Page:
16 What Impact Did the Deficit Reduction Act Have? The federal Deficit Reduction Act of 2005 gave states greater flexibility to modify their Medicaid programs by eliminating the requirement that states offer the same coverage to all categorically needy recipients statewide. The elimination of this requirement permitted states to vary the level and range of Medicaid coverage for the first time based on beneficiary characteristics or geographic location. States may now amend their Medicaid state plans to replace the traditional Medicaid benefits with new benchmark plans and provides new flexibility that allows states to vary benefits across beneficiary groups and across geographic areas in the state. Generally, only low-income, relatively healthy adults and children can be enrolled in these plans. The Deficit Reduction Act maintains Early and Periodic Screening, Diagnostic and Treatment services as a wraparound for children. States have used the Deficit Reduction Act to comprehensively restructure benefits by setting more limited coverage standards for people who appear to be in relatively good health, while allowing more generous benefits for adults who have certain chronic physical or mental conditions and disabilities. The act eliminated much of the uniformity of the program and added a new layer of complexity to an already complicated program. The effects of these changes on states Medicaid programs are unknown. As of October 2008, only eight states Idaho, Kansas, Kentucky, South Carolina, Virginia, Washington, West Virginia and Wisconsin had approved state plan amendments that implement this section of the Deficit Reduction Act. Who Pays for Medicaid? States and the federal government share the cost of Medicaid. For every dollar a state spends on Medicaid, the federal government contributes between $1 and $3.25, but the actual amount a state receives is based on its matching rate, known as the Federal Medical Assistance Program. The match rate is calculated each year by comparing a state s per capita income to the national average income. The higher a state s per capita income relative to the national average, the lower its match rate. And the higher the match rate, the more federal dollars flow into the state. The lowest match rate, which occurs in 18 states and territories in 2009, is 50 percent. In other words, the federal government pays 50 cents of every dollar spent on Medicaid. The highest contribution, in Mississippi, is almost 76 percent in Thus, for every dollar spent on Medicaid in Mississippi in 2009, the federal government will pay 76 cents. Across all states, the average federal contribution is 57 percent. A slightly higher percentage is used toward the costs of the State Children s Health Insurance Program. States must provide matching dollars from their own public funds or a combination of state funds and local tax dollars. Because Medicaid is an entitlement program, the amount of total federal matching funds for Medicaid has no statutory limit. Federal spending is only limited by states abilities to provide matching funds. To trigger federal Medicaid matching funds, a state must spend some combination of state or local funds on Medicaid. For example, when a Medicaid recipient receives a health care service, the provider incurs the costs and requests to be paid by the state Medicaid agency, at which point the state pays the provider based on the Medicaid rate for that service. The state is then reimbursed by the federal government at an amount equal to that state s match rate. In addition to the costs of providing medical services, states also receive federal funds for the 15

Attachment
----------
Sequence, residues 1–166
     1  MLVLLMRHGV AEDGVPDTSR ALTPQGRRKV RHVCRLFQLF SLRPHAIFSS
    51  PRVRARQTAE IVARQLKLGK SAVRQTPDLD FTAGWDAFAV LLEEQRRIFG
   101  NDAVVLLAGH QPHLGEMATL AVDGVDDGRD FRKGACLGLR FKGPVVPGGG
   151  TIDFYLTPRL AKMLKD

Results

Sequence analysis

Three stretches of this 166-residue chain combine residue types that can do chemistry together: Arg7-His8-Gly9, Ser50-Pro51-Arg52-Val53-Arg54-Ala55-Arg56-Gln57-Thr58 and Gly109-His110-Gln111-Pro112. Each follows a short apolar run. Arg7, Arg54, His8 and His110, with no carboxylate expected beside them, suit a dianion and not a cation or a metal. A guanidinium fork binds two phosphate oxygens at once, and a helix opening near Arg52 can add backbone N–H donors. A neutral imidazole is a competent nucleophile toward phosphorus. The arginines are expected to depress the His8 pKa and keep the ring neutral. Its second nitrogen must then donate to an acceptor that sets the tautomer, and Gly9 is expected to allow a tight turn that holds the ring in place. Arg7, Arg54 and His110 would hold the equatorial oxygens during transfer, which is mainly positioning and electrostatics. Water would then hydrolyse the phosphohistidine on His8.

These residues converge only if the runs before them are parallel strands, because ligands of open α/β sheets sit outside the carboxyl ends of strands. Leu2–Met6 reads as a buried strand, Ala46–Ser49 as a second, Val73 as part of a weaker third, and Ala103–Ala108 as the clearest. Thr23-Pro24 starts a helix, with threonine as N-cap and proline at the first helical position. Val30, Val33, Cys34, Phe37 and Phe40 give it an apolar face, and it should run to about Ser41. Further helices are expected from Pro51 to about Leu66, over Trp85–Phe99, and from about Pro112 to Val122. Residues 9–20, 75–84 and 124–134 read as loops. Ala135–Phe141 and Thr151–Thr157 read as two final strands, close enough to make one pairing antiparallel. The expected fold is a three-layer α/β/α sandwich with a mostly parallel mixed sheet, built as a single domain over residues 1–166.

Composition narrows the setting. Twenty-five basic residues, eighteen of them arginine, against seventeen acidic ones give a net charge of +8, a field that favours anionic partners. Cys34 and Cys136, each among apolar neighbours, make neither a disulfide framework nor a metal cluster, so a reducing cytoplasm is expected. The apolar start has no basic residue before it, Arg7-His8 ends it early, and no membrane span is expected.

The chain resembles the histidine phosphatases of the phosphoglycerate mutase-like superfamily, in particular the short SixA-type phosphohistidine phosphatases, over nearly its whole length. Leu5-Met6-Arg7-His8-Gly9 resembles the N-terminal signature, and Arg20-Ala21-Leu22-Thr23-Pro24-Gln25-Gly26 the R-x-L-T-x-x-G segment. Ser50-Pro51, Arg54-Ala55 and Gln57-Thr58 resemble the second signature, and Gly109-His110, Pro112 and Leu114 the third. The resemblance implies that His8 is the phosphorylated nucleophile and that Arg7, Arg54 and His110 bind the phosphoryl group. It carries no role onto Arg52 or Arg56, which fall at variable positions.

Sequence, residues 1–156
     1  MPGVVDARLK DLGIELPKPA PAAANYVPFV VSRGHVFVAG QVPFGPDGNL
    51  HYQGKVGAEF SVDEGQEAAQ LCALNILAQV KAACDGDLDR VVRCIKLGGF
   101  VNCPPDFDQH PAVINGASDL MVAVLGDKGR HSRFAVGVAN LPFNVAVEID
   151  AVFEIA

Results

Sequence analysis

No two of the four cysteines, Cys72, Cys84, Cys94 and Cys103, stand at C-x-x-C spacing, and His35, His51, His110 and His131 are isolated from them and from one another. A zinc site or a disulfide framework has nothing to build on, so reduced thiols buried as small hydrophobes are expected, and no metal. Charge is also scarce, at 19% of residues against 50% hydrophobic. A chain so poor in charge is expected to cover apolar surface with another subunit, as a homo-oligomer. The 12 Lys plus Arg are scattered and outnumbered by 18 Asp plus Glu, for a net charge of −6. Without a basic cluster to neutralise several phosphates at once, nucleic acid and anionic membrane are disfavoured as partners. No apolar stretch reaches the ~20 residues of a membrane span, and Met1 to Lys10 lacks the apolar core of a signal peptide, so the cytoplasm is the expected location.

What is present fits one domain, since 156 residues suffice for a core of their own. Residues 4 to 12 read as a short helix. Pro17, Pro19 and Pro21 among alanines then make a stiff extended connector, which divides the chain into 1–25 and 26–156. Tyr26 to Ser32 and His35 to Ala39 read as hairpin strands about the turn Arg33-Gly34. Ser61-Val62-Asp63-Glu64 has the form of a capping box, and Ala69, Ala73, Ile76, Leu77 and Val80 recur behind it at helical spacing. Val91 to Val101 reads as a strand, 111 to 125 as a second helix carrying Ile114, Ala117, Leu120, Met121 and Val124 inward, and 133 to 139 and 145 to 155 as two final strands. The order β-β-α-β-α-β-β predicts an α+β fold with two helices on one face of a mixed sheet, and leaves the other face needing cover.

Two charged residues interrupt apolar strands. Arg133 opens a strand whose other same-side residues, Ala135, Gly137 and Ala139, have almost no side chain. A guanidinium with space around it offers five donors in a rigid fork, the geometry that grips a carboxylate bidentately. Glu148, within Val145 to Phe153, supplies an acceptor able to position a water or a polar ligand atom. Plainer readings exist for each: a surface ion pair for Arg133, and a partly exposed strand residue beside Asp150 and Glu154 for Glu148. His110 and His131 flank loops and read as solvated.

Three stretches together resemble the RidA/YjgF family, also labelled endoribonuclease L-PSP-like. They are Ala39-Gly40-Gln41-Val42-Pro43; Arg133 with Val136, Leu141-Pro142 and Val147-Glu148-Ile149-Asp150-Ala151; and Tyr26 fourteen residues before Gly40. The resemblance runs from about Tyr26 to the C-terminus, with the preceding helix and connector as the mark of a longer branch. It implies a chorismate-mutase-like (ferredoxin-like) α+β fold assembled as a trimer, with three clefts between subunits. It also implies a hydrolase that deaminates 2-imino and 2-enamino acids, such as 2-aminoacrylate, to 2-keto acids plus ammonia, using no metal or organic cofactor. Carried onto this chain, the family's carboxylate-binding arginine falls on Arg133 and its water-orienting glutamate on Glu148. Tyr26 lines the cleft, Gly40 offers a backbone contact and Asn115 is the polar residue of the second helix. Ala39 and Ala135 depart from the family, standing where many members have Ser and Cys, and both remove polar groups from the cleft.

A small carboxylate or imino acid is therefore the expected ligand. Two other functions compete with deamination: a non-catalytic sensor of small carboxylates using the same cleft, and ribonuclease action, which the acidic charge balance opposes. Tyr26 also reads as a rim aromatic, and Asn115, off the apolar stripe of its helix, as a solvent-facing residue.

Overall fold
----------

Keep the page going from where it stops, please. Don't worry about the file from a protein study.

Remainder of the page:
17 MEDICAID 101 costs of administering the Medicaid program. This includes such functions as claims processing and eligibility determination. Generally, the match rate for all states for administrative activities is 50 percent; however, certain activities including nursing home survey and certification, operation of information systems, and some activities to stop fraud and abuse qualify for a higher match rate. Overall, states administrative costs represent about 5 percent of total Medicaid spending in a given year, so the bulk of the federal matching funds pay for medical services. Medicaid spending as a Share of States Budgets, % 20% 15% 10% 5% 0 State Medicaid as a Share of State General Fund State Medicaid as a Share of State General Fund & all other State Funds State & Federal Medicaid as a Share of Total State & Federal Funds State Medicaid spending can be analyzed in a number of ways. This chart generally shows Medicaid expenditures as a share of states budgets, but each bar represents a different calculation. The first bar is state Medicaid expenditures as a share of state general fund budgets. The middle bar is state Medicaid expenditures as a share of all state funds, including the general fund and any other state revenues. The third bar is state and federal Medicaid expenditures as a share of total state and federal expenditures in state budgets. In this chart, the bars represent the calculation for all states combined or an average for the states. Each calculation tells a slightly different budget story within an individual state; comparisons between states are difficult due to differences in states budgeting. Ì Data Source: Center for Children and Families analysis of National Association of State Budget Officers, Fiscal Year 2006 State Expenditure Report, (Fall 2007). 16